Archaebacteria include many unique characteristics and traits: they comprise one kingdom of living organisms, are among the oldest life forms on earth and prefer to live in the most extreme environments on the earth to name a few. Archeaebacteria are often grouped with eubacteria, although the two are quite distinct. Archaebatecteria predate eubacteria by millions of years and are more closely related to eukarya than actual bacteria.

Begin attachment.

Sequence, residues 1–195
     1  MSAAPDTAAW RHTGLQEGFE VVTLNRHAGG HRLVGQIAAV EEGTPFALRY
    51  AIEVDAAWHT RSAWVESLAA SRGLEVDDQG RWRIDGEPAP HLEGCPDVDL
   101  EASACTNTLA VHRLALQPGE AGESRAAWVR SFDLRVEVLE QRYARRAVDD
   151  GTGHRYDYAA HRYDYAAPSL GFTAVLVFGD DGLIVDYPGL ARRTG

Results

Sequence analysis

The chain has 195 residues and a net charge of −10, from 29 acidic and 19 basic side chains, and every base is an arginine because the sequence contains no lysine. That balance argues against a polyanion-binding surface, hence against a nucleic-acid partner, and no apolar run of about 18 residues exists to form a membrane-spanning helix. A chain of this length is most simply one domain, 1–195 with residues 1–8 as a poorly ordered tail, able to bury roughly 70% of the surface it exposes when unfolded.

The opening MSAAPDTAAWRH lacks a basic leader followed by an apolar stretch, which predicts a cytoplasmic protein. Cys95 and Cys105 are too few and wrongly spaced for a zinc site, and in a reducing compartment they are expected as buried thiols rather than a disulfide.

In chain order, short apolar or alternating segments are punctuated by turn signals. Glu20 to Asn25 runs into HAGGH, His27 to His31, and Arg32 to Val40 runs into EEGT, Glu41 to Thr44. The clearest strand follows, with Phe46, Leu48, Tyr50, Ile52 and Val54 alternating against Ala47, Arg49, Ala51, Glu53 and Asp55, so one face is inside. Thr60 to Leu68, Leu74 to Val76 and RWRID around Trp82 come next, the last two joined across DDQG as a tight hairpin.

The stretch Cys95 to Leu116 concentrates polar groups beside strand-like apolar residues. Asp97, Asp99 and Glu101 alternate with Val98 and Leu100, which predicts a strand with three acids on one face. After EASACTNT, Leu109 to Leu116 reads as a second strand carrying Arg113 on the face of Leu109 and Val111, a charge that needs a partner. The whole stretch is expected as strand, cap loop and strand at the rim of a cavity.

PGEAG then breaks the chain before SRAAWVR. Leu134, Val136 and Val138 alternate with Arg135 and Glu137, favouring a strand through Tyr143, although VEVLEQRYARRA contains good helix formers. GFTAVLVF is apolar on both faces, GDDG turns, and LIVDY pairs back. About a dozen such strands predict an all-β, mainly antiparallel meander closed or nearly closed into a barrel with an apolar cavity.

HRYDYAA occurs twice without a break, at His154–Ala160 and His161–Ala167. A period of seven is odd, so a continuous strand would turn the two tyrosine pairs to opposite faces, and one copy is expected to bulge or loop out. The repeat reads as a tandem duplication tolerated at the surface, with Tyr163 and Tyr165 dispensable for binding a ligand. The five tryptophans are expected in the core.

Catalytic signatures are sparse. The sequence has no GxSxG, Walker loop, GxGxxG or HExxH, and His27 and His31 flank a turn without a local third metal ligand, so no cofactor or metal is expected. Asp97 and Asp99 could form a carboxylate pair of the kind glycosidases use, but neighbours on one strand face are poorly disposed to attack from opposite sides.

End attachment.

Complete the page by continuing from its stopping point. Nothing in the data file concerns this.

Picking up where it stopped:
Archaebacteria have some of the most unusual cell structures of all living microbial organisms. Their cell walls lack peptidoglycan, which makes them unable to perform the important task of breaking down sugars and other substances to give living creatures the fuel and energy they need to survive. Archaebacteria thrive in the coldest and hottest regions on earth: they congregate en masse in the semifrozen Arctic waters around the North and South poles and can be found in droves within cliffs and domes of scorching hot deserts. Archaebacteria might look menacing when placed under slides and examined with microscopes, but unlike eukaryotes and other bacteria, the kingdom of archaebacteria does not include a single malicious organism. These humble single-celled organisms are among the oldest inhabitants of earth: they appeared while dinosaurs still roamed the earth and survived natural events and dramatic climate changes that exterminated their more glamorous peers.